Some rather interesting news emerged over the weekend, about HMRC buying a series of CDs containing the personal details (eg bank accounts) of a large number of British citizens.
Could this be the missing CDs that HMRC lost last year, containing the details of 25 million child benefit claimants?
These CDs apparently contain the details of a large number of wealthy people who hold bank accounts in Liechtenstein.
HMRC are so keen to track down every penny of tax, that they believe is owed to them, that they have now stooped to paying off nefarious characters in order to obtain information about suspected tax evaders.
HM Revenue & Customs paid £100K to Heinrich Kieber, for data that it will use to launch investigations of up to 100 British citizens who have accounts at Liechtenstein's biggest bank (LGT).
Now, you may well ask, how did Herr Kieber obtain this data?
Well, he seems to have nicked it.
In 2004 he was convicted of fraud for stealing sensitive information from his employer, LGT, the biggest bank in Liechtenstein, which is controlled by the principality's royal family.
Nice doing business with you Herr Kieber!
Maybe someone should remind HMRC that it is an offence to knowingly handle stolen goods?
Now that these CDs are in the hands of HMRC, given their lamentable track record with regard to information security, can we expect these CDs to be "lost" and then appear on the open market again for purchase at the highest price?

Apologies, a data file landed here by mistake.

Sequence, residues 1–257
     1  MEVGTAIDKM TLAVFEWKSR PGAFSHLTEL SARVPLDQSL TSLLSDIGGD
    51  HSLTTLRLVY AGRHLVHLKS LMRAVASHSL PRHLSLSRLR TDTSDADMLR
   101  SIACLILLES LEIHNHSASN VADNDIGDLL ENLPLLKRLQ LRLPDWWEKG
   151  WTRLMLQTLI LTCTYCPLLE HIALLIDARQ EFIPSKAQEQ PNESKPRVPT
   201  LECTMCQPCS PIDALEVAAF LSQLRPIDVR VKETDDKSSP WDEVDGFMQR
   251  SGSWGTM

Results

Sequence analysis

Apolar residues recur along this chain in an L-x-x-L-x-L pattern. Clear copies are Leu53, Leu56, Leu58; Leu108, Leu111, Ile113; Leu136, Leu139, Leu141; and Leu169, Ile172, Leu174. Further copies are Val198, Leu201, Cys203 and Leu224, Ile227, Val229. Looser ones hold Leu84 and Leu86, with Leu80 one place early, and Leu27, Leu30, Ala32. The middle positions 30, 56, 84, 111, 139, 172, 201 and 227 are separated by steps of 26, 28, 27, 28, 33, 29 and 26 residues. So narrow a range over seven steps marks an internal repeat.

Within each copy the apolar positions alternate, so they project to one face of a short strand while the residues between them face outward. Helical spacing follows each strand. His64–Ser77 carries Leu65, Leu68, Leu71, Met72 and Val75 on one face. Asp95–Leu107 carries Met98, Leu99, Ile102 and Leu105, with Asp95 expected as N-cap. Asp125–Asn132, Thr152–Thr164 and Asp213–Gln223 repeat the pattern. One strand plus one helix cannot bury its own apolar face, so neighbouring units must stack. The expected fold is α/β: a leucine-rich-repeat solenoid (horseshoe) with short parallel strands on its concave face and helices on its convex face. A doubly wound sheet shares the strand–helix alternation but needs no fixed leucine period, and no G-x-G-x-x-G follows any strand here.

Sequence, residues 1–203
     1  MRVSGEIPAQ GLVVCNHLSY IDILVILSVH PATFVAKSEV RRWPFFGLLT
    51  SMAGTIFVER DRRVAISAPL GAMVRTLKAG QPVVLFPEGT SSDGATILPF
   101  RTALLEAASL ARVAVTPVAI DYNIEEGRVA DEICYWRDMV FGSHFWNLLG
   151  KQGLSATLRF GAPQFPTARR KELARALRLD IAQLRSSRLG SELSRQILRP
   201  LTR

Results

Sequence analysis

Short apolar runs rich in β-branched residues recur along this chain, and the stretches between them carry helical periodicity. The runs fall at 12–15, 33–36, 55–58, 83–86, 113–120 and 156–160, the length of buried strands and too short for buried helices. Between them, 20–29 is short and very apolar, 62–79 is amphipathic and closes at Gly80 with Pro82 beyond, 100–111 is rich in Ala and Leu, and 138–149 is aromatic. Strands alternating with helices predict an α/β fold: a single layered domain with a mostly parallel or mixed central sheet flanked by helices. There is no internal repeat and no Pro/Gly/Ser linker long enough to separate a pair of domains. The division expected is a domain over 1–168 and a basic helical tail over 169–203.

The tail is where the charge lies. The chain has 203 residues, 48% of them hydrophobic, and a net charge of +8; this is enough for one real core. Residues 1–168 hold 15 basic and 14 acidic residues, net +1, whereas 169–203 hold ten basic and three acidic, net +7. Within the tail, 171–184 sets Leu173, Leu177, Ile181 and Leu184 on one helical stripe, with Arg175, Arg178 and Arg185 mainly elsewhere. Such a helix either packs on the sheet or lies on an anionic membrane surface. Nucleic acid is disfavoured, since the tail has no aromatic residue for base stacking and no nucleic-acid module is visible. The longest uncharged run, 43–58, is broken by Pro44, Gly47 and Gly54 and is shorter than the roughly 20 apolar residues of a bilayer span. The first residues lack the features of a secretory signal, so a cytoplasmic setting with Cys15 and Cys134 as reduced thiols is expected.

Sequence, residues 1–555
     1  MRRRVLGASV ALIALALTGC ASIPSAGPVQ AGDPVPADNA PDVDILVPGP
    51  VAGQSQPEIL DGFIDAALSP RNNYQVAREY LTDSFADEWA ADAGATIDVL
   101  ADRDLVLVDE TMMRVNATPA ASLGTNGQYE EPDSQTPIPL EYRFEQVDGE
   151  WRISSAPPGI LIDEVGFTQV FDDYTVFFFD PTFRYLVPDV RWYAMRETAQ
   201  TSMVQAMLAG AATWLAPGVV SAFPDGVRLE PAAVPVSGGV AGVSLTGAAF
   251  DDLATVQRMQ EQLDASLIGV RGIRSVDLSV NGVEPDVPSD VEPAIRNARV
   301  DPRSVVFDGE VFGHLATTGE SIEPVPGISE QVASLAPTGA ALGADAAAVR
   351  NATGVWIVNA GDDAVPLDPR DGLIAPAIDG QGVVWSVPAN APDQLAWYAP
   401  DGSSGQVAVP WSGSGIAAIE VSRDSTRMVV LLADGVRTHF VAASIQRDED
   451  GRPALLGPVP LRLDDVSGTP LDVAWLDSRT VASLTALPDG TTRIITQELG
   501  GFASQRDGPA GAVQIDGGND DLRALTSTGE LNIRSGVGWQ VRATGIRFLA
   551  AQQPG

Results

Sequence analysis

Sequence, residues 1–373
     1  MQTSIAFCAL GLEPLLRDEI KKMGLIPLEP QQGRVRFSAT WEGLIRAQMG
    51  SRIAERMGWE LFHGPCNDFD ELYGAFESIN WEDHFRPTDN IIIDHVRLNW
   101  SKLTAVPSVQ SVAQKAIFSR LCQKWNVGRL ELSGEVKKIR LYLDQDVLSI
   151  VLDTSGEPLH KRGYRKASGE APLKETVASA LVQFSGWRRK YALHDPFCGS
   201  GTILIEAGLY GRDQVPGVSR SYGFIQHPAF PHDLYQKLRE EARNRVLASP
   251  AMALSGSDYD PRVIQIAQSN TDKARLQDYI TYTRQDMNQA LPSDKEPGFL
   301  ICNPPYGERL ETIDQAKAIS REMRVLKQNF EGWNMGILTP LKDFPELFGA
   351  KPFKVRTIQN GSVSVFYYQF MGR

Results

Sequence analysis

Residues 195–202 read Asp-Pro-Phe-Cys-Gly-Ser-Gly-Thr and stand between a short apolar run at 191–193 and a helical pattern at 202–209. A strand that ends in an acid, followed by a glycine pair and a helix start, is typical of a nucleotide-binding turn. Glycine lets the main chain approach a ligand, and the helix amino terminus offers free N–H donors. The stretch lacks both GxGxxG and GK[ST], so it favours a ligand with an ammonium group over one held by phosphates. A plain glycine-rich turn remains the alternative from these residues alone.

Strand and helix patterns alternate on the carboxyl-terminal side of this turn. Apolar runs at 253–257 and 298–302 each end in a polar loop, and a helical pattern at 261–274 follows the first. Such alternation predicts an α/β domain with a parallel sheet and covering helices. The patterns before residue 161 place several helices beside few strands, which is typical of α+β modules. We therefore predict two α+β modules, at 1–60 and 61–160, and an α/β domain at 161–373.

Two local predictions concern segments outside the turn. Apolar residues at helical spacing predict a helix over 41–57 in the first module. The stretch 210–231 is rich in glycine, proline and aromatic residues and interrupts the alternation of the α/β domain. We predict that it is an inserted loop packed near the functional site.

Of course HMRC would argue that none of this subterfuge, unpleasant dealings and costs (in terms of time, money and effort) would have to be undertaken if people didn't go to such extraordinary lengths to evade tax.
That in itself is true, up to a point. However, one of the prime motivations for tax evasion is the complexity of the tax system.
Simplify the tax system to resolve this problem, and cut the costs of collecting tax:
- increase the personal allowances to around £10K
- introduce a flat rate of tax of around 20%
- abolish all other perverse taxes such as; stamp duty, CGT, IHT, NI etc
- increase the rate of VAT to make up the shortfall
Do the above, and there will be a dramatic reduction in the amount of time, effort and money expended by both taxpayers and HMRC in trying to wade their way through the tax system.
Tax does have to be taxing.
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